Based on the life of aviation engineer Jiro Horikoshi, this Oscar-nominated film opens in the 1920s when young Jiro (voiced by Joseph Gordon-Levitt in the English version) decides to study aeronautics because his poor eyesight won't let him become a pilot. So he dreams of designing the perfect plane, and his inventive approach catches the attention of Mitsubishi, which assigns him to a secret military project working with Japan's allies in Nazi Germany. Meanwhile, Jiro meets Nahoko (Emily Blunt) and they fall for each other as she struggles to recover from tuberculosis and he grapples with the moral issues of designing a beautiful plane that will be used to kill people in wartime.

Clearly this isn't the kind of animated movie Hollywood would ever produce: it's packed with complex characters who don't always do the right thing, and it takes a perspective that requires sympathy with someone who could be considered a historical villain. But Miyazaki tells the story exquisitely, animating the scenes with such inventiveness that it's impossible not to get lost in the breathtaking imagery. Scenes are also packed with lively side characters, including Jiro's bulldog-like boss (Martin Short), a more grounded colleague (John Krazinski) and a suspicious foreigner (Werner Herzog) who seems to be following Jiro.

Continue reading: The Wind Rises Review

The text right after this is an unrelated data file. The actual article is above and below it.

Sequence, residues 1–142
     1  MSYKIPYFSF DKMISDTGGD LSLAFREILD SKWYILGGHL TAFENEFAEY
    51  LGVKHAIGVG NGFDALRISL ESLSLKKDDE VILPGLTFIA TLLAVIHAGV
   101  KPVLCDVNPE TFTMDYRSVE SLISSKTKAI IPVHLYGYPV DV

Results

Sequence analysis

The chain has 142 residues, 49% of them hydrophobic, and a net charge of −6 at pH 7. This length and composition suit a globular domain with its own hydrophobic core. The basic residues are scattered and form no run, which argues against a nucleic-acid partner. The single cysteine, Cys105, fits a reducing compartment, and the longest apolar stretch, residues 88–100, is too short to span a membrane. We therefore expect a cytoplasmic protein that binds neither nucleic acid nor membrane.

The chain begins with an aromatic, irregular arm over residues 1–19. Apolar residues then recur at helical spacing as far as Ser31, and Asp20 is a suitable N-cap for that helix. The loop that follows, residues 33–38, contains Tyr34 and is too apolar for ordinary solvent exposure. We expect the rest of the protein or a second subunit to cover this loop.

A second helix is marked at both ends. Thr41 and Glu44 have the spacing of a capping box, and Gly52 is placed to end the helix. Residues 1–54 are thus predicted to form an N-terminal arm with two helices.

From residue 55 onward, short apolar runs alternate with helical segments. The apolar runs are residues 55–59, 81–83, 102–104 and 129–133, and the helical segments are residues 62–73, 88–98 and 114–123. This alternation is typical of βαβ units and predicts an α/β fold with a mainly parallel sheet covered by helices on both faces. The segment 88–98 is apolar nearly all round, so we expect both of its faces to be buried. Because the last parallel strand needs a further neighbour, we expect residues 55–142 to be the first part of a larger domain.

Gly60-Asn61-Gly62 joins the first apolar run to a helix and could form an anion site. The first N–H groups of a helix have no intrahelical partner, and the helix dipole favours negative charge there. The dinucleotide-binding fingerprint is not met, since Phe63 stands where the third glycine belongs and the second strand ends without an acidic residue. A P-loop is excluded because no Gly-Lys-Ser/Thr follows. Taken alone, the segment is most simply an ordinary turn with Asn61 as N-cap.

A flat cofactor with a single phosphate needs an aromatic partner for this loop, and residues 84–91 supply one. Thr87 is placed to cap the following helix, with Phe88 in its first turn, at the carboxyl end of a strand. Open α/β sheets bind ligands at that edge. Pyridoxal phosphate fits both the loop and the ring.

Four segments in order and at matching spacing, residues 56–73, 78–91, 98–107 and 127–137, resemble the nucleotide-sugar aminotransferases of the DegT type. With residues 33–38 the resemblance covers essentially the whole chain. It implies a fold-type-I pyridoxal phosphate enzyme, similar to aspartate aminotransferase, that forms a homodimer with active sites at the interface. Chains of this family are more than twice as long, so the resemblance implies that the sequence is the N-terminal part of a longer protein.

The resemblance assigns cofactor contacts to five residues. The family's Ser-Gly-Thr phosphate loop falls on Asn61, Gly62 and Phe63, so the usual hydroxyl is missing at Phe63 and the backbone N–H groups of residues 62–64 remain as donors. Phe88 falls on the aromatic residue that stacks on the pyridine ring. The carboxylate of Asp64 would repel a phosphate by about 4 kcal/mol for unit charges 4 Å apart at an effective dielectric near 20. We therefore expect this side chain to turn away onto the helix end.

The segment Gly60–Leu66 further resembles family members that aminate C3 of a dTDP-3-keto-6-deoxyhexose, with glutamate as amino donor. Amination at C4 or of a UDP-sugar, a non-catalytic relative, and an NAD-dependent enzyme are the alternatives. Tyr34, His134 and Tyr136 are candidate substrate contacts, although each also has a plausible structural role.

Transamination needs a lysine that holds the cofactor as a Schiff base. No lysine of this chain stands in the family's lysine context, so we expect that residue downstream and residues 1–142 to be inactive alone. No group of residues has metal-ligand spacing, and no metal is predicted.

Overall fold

The Wind Rises Trailer


Jiro Horikoshi is an aeronautical engineer whose childhood was filled with dreams about becoming a pilot. His poor vision meant that he would never realise his ambition, but he is encouraged to keep up his passion by Italian plane designer Caproni. Resolving to design aircrafts instead of fly them, Jiro studies the art at university, during which time he meets an attractive young woman named Naoko. Their relationship was born out of the dangerous circumstances of the Great Kanto Earthquake, throughout which they helped one another off a fast moving train. As their life together progresses, Naoko falls ill and Jiro struggles to bring in a regular income. He must succeed in the challenge of building the most exquisitely beautiful aeroplane in the world in order to get back on his feet, as his career could be the only thing he has left.